For the most part critics are heralding Michael Moore's latest documentary Sicko for providing an eye-opening look at the health insurance crisis in the U.S. Many are also uttering sighs of relief that Moore's political viewpoints are relatively subdued in the film, unlike his previous documentaries in which many found Moore's opinions shoved down their throats, ultimately undermining the messages of the films.
Curiously, even the Fox News website is giving Sicko a favorable review, though the critic is quick to note this is because Moore isn't "confronting" anyone. The most common complaint for Sicko is that in comparing American system to that of Cuba, Canada and England (among other countries), Moore paints an absurdly rosy picture of other systems in order to highlight just how horrifying things are here, but the rosiness isn't exactly accurate, either.
Check out some excerpts from various reviews of Sicko:
“...An entertaining and affecting dissection of the American health care industry that documents how it benefits the few at the expense of the many. Pic's tone alternates between comedy and outrage, as it compares the U.S system of care to other countries.
Chief criticism of the film is that it paints too rosy a picture of the national health care of the countries he compares America to, including Canada, England, France — and Cuba.”
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"There's a certain robust clarity of political activism in this latest salvo from media provocateur Michael Moore that marks a new maturity."
"I know it's nit-picking, but I don't think I'm the only person who watches Moore's films and wishes they had more clarity and less hilarity — at the same time, I think that a large mass of the American public is so desperate for someone to speak truth to power that they'll settle for someone willing to say anything to it, no matter how specious or muddled.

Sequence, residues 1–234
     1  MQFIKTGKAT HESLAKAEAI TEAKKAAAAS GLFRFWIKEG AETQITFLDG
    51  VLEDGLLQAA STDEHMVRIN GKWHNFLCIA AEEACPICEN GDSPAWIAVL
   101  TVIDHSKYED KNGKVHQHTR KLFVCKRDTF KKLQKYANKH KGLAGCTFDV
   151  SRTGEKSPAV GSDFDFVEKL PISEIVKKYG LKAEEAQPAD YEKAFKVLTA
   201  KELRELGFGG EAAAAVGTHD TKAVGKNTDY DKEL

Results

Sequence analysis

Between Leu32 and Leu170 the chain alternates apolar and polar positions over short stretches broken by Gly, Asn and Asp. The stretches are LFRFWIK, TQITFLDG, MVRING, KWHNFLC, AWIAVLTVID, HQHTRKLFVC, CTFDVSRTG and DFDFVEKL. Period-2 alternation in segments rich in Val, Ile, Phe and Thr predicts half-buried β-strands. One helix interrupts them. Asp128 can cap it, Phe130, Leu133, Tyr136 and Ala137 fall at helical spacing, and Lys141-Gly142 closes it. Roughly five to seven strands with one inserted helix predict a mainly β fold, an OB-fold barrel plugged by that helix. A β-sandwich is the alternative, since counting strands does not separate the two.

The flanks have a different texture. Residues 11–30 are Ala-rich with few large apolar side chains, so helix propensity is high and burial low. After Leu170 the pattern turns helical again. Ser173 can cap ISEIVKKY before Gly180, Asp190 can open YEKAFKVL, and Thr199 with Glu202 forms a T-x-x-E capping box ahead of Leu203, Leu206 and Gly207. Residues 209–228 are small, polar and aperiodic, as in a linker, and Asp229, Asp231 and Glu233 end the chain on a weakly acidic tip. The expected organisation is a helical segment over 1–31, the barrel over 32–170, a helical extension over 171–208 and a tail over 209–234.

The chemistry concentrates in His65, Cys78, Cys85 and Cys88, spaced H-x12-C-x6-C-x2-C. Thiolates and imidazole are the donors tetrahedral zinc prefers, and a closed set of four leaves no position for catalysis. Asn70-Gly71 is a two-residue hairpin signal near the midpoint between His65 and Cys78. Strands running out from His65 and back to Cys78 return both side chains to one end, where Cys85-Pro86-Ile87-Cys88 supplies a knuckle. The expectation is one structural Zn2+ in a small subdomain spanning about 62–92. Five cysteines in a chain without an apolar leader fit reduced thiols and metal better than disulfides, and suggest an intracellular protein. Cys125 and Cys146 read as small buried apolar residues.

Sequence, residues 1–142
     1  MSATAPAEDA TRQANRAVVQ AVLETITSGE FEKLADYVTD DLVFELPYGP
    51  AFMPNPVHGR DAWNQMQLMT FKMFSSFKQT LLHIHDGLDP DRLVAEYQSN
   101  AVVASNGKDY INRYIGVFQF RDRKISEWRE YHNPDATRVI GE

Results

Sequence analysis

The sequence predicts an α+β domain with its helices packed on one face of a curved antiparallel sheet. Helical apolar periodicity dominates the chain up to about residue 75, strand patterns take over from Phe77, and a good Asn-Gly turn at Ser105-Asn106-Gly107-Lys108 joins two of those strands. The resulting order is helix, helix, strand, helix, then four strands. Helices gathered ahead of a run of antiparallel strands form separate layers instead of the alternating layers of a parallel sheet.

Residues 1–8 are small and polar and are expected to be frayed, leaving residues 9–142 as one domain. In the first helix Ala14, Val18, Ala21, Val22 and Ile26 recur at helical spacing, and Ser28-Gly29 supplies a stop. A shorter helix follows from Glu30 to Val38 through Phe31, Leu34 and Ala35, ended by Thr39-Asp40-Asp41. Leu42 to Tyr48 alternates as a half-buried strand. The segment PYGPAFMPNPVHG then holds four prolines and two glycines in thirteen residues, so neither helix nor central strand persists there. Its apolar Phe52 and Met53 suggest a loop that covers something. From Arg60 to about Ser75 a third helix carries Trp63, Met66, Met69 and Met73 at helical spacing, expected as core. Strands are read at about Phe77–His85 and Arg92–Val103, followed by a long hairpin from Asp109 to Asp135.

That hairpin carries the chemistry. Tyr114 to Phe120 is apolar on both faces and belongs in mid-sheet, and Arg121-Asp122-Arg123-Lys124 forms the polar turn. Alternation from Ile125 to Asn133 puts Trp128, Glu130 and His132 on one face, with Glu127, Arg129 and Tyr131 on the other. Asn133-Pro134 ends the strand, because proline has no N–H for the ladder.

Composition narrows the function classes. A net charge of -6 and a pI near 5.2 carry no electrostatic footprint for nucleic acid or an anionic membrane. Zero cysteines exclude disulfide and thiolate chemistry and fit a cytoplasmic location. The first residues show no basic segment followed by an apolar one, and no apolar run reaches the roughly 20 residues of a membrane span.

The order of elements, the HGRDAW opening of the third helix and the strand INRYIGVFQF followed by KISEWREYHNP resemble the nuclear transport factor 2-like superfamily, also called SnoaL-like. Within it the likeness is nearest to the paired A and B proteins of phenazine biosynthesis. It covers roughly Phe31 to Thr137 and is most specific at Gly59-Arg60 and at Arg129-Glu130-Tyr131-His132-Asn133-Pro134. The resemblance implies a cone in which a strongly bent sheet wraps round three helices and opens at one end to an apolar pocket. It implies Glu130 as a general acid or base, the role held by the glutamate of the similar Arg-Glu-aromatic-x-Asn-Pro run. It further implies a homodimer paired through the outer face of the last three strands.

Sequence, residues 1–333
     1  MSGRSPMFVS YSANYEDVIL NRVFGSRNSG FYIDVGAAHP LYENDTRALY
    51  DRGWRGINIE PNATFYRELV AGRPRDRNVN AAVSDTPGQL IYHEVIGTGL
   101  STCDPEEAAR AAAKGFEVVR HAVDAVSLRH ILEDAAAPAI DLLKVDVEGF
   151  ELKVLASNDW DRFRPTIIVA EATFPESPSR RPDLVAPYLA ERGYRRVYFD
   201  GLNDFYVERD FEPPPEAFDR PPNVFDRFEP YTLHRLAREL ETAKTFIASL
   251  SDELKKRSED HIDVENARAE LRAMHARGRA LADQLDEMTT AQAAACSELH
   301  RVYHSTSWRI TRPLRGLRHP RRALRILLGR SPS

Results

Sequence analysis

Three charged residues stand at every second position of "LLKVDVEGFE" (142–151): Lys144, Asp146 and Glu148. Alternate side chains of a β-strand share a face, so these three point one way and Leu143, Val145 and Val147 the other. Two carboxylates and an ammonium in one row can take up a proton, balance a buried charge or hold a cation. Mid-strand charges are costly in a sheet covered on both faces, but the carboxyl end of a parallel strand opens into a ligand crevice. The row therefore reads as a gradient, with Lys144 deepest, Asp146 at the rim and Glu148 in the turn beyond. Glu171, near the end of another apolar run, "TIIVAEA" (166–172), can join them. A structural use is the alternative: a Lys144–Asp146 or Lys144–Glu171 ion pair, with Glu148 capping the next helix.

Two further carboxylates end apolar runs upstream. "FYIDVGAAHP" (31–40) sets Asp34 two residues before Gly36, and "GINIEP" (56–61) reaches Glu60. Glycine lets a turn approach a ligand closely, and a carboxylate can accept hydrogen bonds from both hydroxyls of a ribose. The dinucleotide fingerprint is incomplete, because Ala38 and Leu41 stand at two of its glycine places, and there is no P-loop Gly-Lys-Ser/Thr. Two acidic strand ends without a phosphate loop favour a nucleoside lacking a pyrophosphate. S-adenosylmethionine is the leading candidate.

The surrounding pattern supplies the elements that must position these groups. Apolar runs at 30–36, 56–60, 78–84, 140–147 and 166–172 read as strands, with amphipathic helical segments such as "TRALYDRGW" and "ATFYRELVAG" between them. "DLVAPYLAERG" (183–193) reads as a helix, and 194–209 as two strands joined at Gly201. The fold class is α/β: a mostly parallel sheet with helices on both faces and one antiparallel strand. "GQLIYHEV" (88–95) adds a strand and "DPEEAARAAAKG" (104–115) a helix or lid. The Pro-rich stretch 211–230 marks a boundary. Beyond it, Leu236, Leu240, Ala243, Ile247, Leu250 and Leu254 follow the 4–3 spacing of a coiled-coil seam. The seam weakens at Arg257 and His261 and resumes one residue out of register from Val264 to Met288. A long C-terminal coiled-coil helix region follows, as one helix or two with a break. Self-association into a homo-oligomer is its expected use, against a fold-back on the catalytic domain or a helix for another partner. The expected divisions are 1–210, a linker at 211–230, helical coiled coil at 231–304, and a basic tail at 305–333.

It's that tone -- of selfless self-celebration, of public altruism, of snide sensitivity — that undercuts a lot of Moore's work, and it undermines Sicko. I don't expect a film to solve the American health care crisis, but even as a call to arms, Sicko's more muddled and muted and scattered than it should be. Moore may be challenging the system, but he still feels like the guy who brought a clown's squirting flower and a joy buzzer to a knife fight and then wonders out loud why he lost."
"Filmmaker Michael Moore's brilliant and uplifting new documentary, Sicko, deals with the failings of the U.S. healthcare system, both real and perceived. But this time around, the controversial documentarian seems to be letting the subject matter do the talking, and in the process shows a new maturity.
Unlike many of his previous films... Sicko works because in this one there are no confrontations. Moore smartly lets very articulate average Americans tell their personal horror stories at the hands of insurance companies. The film never talks down or baits the audience."
“Here's what Moore found. Care ‘doesn't depend on your premiums, it depends on your needs,’ the film reports. You don't have to check your health security at the door, or mortgage your future when at your most sick and vulnerable.
Moore's not even afraid of the inevitable complaints about ‘socialized’ medicine. ‘Back home in America we're socializing lots of things,’ Sicko finds, among them our fire and police service, Social Security checks, and even the library.”